Had I found myself in better health and spirits, I should probably have visited some of the neighbouring valleys to the south, or passed a few months among the Bedouins of the Hedjaz; but the worst effect of ill-health upon a traveller, is the pusillanimity which accompanies it, and the apprehensions with which it fills the mind, of fatigues and dangers, that, under other circumstances, would be thought undeserving of notice.

Burckhardt is a professional explorer in every sense of the word; only Heinrich Barth surpasses him in fidelity of observation.  But the rigors of travel ground him down.  This is a pattern we see in many others whose careers we have explored here:  Dixon, Barth, and Ledyard, to name a few.  The environments in which he was moving exposed him to dysentery and other types of ailments.  When he left Arabia in 1815, he needed weeks to recover.  Relocating himself to Cairo, Burckhardt began to prepare for a journey across the Sahara to Western Africa.

But like so many other great men, he fell victim to disease:  contracting dysentery in Cairo, he lost strength and died in 1817 at the tragically young age of 33.  Nearly all his journals, papers, and Arabic manuscripts were preserved, though, and in a sense nothing useful to posterity was lost.  He was buried as a Muslim in Egypt, under the Arabic name he created for himself as cover during his explorations.  Burckhardt’s achievements place him on the list of the very greatest in the history of exploration, and he contributed significantly to the ethnographic and geographic study of the modern Near East.  He sought the desert, and the sands claimed him.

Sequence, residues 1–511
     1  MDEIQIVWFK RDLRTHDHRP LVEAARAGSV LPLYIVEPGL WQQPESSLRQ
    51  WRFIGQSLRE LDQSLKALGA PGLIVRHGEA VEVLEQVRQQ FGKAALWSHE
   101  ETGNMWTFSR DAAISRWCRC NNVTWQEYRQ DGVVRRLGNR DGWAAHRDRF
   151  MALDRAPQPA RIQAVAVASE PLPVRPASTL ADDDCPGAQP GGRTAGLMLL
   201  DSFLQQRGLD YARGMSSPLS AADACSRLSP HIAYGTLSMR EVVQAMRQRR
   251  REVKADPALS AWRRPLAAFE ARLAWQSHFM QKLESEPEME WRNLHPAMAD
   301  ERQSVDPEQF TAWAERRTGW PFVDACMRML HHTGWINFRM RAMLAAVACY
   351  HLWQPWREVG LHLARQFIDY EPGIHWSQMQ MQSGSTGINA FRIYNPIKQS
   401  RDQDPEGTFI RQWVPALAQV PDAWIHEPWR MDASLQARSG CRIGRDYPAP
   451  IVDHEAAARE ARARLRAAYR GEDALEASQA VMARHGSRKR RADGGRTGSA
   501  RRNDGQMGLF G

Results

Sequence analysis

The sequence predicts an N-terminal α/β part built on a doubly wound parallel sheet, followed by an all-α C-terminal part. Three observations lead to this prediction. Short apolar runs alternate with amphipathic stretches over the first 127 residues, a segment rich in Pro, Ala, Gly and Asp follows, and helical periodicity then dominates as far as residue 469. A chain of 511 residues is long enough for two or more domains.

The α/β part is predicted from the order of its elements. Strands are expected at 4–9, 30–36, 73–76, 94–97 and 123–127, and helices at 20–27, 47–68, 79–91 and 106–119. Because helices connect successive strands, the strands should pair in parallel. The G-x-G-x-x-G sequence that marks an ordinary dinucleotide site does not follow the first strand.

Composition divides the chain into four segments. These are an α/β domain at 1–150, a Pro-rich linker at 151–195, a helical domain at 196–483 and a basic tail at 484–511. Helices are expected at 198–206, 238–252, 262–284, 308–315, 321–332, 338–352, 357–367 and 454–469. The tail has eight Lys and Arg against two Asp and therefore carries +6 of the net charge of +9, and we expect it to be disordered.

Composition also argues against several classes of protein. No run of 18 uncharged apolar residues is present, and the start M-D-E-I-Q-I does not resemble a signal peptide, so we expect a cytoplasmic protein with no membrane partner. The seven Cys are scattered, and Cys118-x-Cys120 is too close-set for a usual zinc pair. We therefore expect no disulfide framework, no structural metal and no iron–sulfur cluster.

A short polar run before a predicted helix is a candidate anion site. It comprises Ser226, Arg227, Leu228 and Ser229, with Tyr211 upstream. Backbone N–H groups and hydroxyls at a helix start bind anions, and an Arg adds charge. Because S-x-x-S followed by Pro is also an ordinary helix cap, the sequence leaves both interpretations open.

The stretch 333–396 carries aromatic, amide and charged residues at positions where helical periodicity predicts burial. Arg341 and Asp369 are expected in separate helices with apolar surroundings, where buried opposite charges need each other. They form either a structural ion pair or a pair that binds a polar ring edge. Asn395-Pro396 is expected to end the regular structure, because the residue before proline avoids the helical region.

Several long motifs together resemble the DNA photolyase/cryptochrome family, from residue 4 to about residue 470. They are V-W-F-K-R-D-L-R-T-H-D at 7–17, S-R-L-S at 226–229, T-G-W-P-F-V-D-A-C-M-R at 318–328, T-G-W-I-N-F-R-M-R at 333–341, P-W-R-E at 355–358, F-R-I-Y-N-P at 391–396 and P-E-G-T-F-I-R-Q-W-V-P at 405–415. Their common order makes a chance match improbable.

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13 thoughts on “John Lewis Burckhardt’s Pioneering Explorations And Travels In Arabia

  1. Great article, I never heard of Burckhardt before today. The climate of Arabia is not one suited for empires: this is probably the reason the caliphs quickly fled to the more welcoming climates of the Levant. That makes the Islamic civilization quite pelicular, and maybe schizophrenic: it’s openly and rightly proud of its cultural and political accomplishments, but openly despises the peninsula and the Beduin culture.
    Since you are a great amateur of traveler stories, military tradition and anglo-saxon history, I assume that you already read the literature of John Glubb? His Arabian Adventures are one book that must be read. In particular, his disgressions about the division of mankind between the sedentary farmer and heroic nomads influenced me a lot and are one of the pillars that support my conception of our world.